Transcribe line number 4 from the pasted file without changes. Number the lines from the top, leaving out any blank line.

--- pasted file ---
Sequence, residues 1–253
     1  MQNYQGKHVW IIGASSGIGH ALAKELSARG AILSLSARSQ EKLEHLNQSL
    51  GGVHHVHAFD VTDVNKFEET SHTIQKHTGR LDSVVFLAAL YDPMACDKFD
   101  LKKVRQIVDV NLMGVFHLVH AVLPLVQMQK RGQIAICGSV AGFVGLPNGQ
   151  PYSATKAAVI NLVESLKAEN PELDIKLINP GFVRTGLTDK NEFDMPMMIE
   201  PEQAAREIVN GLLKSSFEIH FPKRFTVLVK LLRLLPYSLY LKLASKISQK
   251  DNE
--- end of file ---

   101  LKKVRQIVDV NLMGVFHLVH AVLPLVQMQK RGQIAICGSV AGFVGLPNGQ